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Google Women Staying Home After James Damore Manifesto Proved His Point

In response to a politically incorrect document challenging Google to examine its "unconscious bias" and its "politically correct monoculture" on the grounds that women, in general, are different from men in general, Google's offended female employees reportedly chose to stay home on Monday, because the memo made them "uncomfortable going back to work."

This news, reported by NPR, proved multiple points made by Google's now-former senior software engineer James Damore in his open letter to Google.  The memo has been called an "anti-diversity screed," despite its clear embrace of diversity. The heated reaction against it — and Google's act of firing Damore for the document — proved many of his points correct.

The 3,300-word document is worth reading in its entirety, as it is a logical and scientific approach to re-examining the unconscious bias of diversity mania. But the document also notes generic differences between men and women — even while admitting that the differences do not apply to every man and every woman — which were on full display Monday.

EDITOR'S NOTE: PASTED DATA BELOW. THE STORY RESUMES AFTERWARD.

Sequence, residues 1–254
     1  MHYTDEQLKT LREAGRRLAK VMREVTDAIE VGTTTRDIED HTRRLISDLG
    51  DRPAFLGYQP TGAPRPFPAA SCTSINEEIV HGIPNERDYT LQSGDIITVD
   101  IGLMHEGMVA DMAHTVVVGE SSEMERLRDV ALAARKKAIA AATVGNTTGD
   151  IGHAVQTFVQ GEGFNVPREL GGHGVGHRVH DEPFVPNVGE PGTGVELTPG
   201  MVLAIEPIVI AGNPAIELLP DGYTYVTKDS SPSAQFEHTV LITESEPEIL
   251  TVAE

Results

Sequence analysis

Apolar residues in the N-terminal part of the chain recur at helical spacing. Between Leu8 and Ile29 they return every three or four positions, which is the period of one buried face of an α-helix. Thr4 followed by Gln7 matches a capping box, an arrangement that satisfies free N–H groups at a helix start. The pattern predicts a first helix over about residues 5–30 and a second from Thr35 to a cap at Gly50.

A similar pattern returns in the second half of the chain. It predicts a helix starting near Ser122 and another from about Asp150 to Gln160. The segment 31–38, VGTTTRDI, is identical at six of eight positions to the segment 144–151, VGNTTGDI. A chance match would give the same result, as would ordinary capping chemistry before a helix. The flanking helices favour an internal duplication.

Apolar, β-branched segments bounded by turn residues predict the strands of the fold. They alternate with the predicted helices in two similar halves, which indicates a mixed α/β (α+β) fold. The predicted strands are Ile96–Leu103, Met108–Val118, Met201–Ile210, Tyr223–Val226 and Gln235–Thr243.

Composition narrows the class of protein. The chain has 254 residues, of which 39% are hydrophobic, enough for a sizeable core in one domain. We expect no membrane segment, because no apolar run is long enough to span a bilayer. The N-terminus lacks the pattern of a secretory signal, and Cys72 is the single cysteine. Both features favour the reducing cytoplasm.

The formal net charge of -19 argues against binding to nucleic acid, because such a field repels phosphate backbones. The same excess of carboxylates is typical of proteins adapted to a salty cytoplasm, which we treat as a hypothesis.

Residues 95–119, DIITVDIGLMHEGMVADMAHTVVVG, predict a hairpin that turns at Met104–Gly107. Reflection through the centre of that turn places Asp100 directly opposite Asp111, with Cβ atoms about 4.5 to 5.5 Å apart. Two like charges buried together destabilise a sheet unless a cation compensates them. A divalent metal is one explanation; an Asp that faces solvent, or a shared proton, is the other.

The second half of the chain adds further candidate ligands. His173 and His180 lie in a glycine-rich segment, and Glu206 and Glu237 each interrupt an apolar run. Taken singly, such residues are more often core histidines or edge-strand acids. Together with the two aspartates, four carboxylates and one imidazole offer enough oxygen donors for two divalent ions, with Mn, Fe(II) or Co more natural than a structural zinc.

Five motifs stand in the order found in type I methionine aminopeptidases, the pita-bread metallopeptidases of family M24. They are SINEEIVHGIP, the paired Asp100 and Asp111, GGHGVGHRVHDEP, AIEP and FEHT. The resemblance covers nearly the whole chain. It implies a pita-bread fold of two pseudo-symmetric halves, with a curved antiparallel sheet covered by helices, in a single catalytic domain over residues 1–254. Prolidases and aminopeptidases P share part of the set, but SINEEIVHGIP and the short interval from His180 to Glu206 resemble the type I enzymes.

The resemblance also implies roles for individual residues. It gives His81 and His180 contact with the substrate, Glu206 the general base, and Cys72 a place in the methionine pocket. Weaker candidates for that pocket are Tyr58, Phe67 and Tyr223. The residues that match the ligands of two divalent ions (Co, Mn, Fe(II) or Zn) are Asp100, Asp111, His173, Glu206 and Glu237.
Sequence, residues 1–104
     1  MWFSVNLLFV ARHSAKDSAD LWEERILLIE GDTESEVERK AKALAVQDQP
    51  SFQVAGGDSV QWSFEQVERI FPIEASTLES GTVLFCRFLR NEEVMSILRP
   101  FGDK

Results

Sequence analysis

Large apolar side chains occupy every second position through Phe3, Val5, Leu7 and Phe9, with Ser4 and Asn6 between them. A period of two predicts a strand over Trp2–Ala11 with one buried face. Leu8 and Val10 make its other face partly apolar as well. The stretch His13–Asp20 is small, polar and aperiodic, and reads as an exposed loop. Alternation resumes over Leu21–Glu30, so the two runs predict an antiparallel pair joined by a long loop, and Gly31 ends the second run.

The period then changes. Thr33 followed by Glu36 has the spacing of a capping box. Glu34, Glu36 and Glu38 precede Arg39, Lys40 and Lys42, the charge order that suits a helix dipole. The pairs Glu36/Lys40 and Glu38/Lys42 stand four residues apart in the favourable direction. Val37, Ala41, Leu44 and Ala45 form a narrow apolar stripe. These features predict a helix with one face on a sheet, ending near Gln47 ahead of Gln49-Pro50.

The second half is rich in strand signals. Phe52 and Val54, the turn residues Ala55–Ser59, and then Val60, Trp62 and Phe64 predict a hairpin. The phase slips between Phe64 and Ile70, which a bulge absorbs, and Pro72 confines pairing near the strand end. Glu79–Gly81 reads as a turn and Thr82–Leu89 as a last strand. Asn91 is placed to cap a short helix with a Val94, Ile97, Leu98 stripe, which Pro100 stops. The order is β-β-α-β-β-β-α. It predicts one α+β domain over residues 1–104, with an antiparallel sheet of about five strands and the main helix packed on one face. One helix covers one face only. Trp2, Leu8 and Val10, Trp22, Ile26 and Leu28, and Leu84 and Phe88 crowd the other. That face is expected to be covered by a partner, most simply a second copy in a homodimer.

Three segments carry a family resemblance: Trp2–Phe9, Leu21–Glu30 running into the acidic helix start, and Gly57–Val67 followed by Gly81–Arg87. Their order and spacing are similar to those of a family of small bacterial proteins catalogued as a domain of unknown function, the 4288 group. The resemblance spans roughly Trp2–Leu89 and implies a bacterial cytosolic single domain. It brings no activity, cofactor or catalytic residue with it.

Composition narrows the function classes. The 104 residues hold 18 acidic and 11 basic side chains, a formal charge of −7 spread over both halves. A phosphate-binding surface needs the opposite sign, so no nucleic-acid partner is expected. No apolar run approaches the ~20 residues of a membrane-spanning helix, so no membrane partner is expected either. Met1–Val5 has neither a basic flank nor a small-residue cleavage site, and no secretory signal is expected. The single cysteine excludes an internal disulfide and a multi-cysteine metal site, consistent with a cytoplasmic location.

Kelly Ellis, a software engineer who used to work for Google, told NPR that some women at the company stayed home on Monday specifically because the memo made them "uncomfortable going back to work."

In the document, Damore suggested that "women on average are more cooperative" and "more prone to anxiety," and that this often involves a search "for more work-life balance while men have a higher drive for status on average."

What could demonstrate these arguments more clearly than women staying home (focusing on life over work and accepting a cut in status) in solidarity with other women (more cooperative) and feeling "uncomfortable" going back to work (more prone to anxiety)?

Indeed, NPR quoted Ellis as a sympathetic source, noting that "she left Google in 2014 after she was sexually harassed." Ellis also reported feeling traumatized by seeing "similar language when I was at Google being shared on internal message boards and other different internal forums."

Here's the thing: Ellis refused to report the verbal sexual harassment she received at the time, posting it on Twitter only after she had left the company, and acknowledging she had no evidence to support her claims. She said Google "reprimanded me instead of him," despite the fact she hadn't reported the incident. Nowhere does Damore's document dismiss sexual harassment or support the idea that women should be objectified.

Ironically, NPR's favoring of Ellis's viewpoint — and stigmatizing the document penned by Damore — proves yet another suggestion made in that document.

"In addition to the Left's affinity for those it sees as weak, humans are generally biased towards protecting females," Damore wrote in the document. "As mentioned before, this likely evolved because males are biologically disposable and because women are generally more cooperative and agreeable than men."